are no sharks in Morocco. Just fossils. I’ll probably stay in these streets

until their stores close. So full it feels empty where nobody knows me, then

two women catch my sight as they’re walking away.

Draping down, dark hair tries tracing covered legs,

familiar shapes, curve to the side of your ears.

But their hair is not yours. Blurs wave me by in the street,

like they’re keeping me from somewhere I’m going.

I feel a slight breeze and think of your hatred for snow, and the cold.

Now, in this heat, I wonder how long you might sit with me

before explaining your family was waiting and you had to go.

The sun tries to soothe me, gives up, and goes home.

I scrape the side of my bowl, I savor the cold broth.

Each flavor fights for attention as strangers yell past me to loved ones

across the street. More file into the square.

The dangling tent-lights seem to take a color of their own,

their shades taking the place of a deliberate dusk.

Even in the darkness I find many sun-stained faces.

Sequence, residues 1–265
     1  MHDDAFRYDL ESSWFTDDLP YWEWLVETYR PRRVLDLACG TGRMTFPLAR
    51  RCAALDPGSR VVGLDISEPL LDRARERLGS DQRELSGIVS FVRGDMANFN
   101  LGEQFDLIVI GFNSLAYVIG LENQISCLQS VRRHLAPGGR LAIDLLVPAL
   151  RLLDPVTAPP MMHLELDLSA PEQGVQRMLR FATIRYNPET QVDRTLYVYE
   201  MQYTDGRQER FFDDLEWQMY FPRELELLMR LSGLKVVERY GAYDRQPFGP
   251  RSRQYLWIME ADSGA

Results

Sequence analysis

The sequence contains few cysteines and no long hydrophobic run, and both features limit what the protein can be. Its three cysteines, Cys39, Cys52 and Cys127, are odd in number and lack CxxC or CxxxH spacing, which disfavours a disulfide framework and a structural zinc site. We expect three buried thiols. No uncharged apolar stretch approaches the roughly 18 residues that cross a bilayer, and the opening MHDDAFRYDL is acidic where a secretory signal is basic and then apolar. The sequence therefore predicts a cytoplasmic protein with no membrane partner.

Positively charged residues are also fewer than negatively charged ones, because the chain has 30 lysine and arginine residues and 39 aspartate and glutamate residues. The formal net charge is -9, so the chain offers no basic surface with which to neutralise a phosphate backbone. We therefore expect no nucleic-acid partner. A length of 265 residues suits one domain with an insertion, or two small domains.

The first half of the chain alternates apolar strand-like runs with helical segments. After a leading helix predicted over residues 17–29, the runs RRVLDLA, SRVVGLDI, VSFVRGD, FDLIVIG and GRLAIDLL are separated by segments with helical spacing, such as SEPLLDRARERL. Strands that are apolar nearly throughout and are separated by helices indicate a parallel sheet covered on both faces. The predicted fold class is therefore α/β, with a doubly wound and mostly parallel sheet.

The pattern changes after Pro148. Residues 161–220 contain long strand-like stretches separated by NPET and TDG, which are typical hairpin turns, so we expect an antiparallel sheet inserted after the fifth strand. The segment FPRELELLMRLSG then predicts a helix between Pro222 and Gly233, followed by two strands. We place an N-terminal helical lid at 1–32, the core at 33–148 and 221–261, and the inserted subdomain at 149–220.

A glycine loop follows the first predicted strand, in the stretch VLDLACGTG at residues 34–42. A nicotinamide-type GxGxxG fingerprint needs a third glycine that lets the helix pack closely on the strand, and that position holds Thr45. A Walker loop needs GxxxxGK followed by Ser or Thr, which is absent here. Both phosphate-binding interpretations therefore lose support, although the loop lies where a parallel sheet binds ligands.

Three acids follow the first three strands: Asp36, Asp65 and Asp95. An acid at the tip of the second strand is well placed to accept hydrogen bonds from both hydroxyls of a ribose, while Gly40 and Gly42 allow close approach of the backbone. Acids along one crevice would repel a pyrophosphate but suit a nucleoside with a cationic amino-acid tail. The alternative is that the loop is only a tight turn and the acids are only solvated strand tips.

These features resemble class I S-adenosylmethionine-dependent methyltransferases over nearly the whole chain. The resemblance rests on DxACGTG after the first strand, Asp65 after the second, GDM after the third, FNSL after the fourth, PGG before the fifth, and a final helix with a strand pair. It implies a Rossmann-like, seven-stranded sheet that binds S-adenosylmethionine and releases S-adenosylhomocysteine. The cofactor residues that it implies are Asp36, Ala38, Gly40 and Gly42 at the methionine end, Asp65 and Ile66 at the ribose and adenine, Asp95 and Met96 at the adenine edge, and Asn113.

In all of these places, I’ll keep looking for yours.


June 26th, 2018

Strangers shuffle down stilled aisles, exchanging quick kindnesses,

loading overhead bins and stopping short of their seats.

A business man is lost in the trail of a black-lined dress

and a child is lost in the fog through the window.

Two childhood friends are seated together without notice,

and one of them can’t place the face, but will have

the whole flight to figure out its name. They’re both going to

the same funeral, and neither of them have cried yet.

Gritting her teeth, a woman in her thirties won’t sit

until she’s told. Her small diamond necklace disappears

below her neckline, shaking as she taps her feet.

She’s waiting on a text that isn’t coming.

Somewhere between worried and carefree, a couple sits

in first-class seats they couldn’t afford, working out their plan

for all the places they’ll eat when they land. They have eighty-three dollars

between them both, and they’re going to spend it all in Nashville.

A twenty-two-year-old woman asks to be moved

by someone in the Navy to thank him for his service.

They share courage and numbers before the wheels

leave the runway. He’s nervous.

The girl to my left holds her white pillow against

her sunburnt skin: she smells like a hotel.

The man to my right is reading Hitchens’

“God is not great” and wondering if it’s true.

A flight attendant named Sophia raises her voice to make sure

headphones hear her, and we all agree to the responsibility of the exit row.